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A CurtainUp Review
By Elyse Sommer
The bottom line here is that since the professor is Sarah Jones, you'll be watching one of that genre's most skilled interpreters, deliver more than a dozen character stretches with amazing linguistic authenticity. Even without the coat rack of costume props she used in her 2006 award-winning Bridge and Tunnel to do her chameleon-like character shifts.
Jones is a remarkable performer and sharp observer. And she's come up with an amusing futuristic spin on the sex industry's growth and reach into themes of gender dynamics, personal identify and feminism, commercial se industry. That said, however, her characters do slip into stereotypical territory, and the piece, even at just 85 minutes, feels overly long. One way to avoid that problem might be to shorten or delete the Professor's own problems with her job securing credentials now included as a narrative framing device.
Ms. Jones is a meticulous researcher. she's gathered enough material to create characters from all walks of life and from all over the world to fully explore her story of how the commercial sex industry's ripple effect will be both positive (for female empowerment and sexism ripe to be treated with therapy) and scary (merging recreational entertainment and sex for sale).
The audience brought into Professor Campbell's circa 2060 classroom for a session during which students will be privvy to new technologically stored modules of people's varied views on commercial sex work over the decades. These cloud based memories include an elderly homemaker once identified as a "middle class homemaker" . . . a "sex work studies" major . . . an escort . . . an Irish nun's migration into prostitution. . . a groom-to-be at a strip club for his bachelor party. . . Amanda, a hostess-cum-dominatrix who works for Sergei Ledinov, a Russian hotelier nicknamed "raunchrepreneur" who's just opened a series of boutique hotels that provide not just rooms, but brothel services.
Given the scope and seriousness of her subject and its first airing at one of her popular TED presentations prior to the current presidential campaign, that Raunchrepreneur nickname for her Russian ogliarch wasn't really meant to expand Sell|Buy|Date into another subtext: A parody of a headline dominating American hotelier's current presidential aspirations — an ambition that has resulted in an appalling more insult than issue focused campaign. Inundated as we all are with the personality focused Trump-Clinton media coverage, Sergei Ledinov can't avoid making this feel like a subtext in Ms. Jones's play. Since humor has always been a prime ingredient of her presentations, this may enhance this piece's relevancy for some theater goers. But it may well also have others sigh "enough already."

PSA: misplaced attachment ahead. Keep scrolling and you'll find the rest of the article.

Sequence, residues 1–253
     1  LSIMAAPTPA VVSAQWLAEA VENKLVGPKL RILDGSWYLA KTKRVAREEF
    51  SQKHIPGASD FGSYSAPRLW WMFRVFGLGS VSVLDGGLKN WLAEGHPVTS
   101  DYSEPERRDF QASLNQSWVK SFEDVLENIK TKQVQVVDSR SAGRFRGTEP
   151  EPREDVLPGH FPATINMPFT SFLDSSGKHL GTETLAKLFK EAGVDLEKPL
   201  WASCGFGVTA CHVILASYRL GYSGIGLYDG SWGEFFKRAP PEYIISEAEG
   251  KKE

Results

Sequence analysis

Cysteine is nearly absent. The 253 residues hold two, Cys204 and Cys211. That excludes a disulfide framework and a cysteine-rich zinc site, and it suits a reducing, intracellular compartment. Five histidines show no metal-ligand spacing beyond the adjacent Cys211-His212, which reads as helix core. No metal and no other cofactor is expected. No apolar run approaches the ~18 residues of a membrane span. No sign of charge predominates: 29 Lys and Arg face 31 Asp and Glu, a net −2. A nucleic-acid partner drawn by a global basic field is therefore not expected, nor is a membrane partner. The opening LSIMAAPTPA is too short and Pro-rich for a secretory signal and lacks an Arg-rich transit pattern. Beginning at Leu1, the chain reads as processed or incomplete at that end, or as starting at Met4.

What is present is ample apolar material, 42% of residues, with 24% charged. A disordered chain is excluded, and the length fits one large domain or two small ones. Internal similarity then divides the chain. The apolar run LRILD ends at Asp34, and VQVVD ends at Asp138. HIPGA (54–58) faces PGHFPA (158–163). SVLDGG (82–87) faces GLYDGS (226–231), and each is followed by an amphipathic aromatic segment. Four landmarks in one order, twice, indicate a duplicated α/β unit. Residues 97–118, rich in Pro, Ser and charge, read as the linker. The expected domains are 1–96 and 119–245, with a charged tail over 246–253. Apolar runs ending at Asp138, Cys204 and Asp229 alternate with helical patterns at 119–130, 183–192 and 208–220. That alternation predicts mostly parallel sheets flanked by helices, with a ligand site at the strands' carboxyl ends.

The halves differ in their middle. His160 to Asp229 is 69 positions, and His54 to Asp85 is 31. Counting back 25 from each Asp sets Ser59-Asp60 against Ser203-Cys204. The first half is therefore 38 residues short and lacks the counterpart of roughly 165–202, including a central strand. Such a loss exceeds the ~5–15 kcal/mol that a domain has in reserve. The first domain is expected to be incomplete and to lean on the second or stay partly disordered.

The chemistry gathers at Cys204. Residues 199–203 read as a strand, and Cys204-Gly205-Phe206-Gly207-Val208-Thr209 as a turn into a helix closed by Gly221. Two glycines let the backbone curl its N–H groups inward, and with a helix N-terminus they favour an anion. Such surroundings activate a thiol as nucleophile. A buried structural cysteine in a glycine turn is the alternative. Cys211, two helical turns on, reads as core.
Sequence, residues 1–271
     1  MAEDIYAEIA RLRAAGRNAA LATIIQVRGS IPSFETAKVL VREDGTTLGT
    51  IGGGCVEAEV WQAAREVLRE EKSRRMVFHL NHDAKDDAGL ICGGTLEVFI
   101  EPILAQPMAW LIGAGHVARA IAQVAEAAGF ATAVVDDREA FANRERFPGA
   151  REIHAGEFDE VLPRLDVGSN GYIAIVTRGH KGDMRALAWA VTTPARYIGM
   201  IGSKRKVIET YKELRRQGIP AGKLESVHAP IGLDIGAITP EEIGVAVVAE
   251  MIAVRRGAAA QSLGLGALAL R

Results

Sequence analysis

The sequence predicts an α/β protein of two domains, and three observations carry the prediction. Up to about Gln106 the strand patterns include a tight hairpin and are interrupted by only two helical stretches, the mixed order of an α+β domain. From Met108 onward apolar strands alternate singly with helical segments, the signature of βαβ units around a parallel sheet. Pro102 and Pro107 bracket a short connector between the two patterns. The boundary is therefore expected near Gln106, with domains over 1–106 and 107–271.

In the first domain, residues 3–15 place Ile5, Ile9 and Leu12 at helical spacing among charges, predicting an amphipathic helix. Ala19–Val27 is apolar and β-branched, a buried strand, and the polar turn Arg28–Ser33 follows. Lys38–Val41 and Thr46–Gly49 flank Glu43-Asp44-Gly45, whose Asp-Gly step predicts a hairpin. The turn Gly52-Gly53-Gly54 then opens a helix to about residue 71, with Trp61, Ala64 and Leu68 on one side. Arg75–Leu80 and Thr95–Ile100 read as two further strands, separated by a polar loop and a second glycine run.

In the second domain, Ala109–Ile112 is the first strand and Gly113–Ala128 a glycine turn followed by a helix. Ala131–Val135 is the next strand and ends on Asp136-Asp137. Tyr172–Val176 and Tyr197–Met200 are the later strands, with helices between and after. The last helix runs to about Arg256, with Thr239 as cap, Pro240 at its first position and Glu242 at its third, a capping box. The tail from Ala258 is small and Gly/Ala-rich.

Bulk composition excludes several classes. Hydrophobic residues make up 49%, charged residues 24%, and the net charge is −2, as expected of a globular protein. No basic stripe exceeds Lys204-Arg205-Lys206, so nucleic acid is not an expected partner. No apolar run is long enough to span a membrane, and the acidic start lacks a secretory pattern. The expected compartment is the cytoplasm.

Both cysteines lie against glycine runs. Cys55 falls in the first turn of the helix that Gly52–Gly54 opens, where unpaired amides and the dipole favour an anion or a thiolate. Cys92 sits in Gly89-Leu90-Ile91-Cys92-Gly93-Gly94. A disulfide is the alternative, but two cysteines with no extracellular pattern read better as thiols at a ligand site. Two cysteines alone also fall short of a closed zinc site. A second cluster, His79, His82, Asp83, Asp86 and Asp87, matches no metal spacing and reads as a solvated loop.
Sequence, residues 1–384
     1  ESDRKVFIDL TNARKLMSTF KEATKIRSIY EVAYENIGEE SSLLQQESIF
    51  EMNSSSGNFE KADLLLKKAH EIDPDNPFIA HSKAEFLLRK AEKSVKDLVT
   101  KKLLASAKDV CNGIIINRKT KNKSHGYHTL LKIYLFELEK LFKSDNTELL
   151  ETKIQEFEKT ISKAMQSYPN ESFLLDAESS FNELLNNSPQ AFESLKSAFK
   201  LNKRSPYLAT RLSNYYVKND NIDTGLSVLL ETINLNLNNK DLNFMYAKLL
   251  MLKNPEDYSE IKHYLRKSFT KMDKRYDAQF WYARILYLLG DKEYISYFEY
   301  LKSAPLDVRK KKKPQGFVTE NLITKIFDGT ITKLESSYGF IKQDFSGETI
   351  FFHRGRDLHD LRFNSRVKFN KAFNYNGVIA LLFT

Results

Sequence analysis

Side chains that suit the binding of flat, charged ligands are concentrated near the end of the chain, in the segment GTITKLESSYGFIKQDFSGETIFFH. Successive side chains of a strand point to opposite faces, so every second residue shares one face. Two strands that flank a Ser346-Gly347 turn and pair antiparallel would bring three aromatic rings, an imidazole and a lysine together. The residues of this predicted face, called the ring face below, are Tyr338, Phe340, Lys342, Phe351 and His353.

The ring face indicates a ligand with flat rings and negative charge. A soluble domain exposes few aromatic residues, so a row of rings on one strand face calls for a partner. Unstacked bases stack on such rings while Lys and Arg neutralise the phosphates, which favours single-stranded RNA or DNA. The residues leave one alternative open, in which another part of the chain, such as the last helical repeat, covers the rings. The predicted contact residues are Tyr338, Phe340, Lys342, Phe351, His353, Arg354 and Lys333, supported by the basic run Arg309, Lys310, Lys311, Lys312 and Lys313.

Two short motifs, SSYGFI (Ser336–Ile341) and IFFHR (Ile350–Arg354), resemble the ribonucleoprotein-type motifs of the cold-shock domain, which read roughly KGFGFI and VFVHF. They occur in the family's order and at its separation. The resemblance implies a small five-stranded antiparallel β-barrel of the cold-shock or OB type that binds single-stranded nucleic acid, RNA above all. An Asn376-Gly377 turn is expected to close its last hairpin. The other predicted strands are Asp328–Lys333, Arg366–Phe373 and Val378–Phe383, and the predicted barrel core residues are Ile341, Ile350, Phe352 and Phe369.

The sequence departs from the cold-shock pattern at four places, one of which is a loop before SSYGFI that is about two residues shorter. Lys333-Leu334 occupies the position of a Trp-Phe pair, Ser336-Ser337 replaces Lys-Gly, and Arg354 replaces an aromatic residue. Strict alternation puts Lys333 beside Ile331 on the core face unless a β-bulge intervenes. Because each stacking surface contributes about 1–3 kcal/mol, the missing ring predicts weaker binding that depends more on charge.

My quibbles notwithstanding, director Carolyn Cantor has staged this multi-voiced monologue fluidly. It's vividly enhanced by Dane Laffrey spare set, Eric Southern's lighting and Bray Poor's sound punctuation between persona switches. And of course it's nice to see this thoughtful, immensely smart and dedicated American citizen-playwright-performer once again giving theater goers an opportunity to hear the voices of people they don't usually meet. Like Anna Deveare Smith, who's also currently presenting a new one-woman, social issue piece at Off-Broadway's Second Stage, these women do validate the effectiveness of the one-person play.
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Written and performed by SarahJones
Directed by Carolyn Cantor
(Scenic and costume design: Dane Laffrey
Lighting: Eric Southern
Sound: Bray Poor
Dramaturg: Antonia Grilikhes-Lasky
Stage Manager: Libby Unsworth
Running Time: 85 minutes
The Studio at Stage II 131 West 55th Street
From 9/27/16; opening 10/18/16; closing 11/20/16
Reviewed by Elyse Sommer at 10/14 press preview
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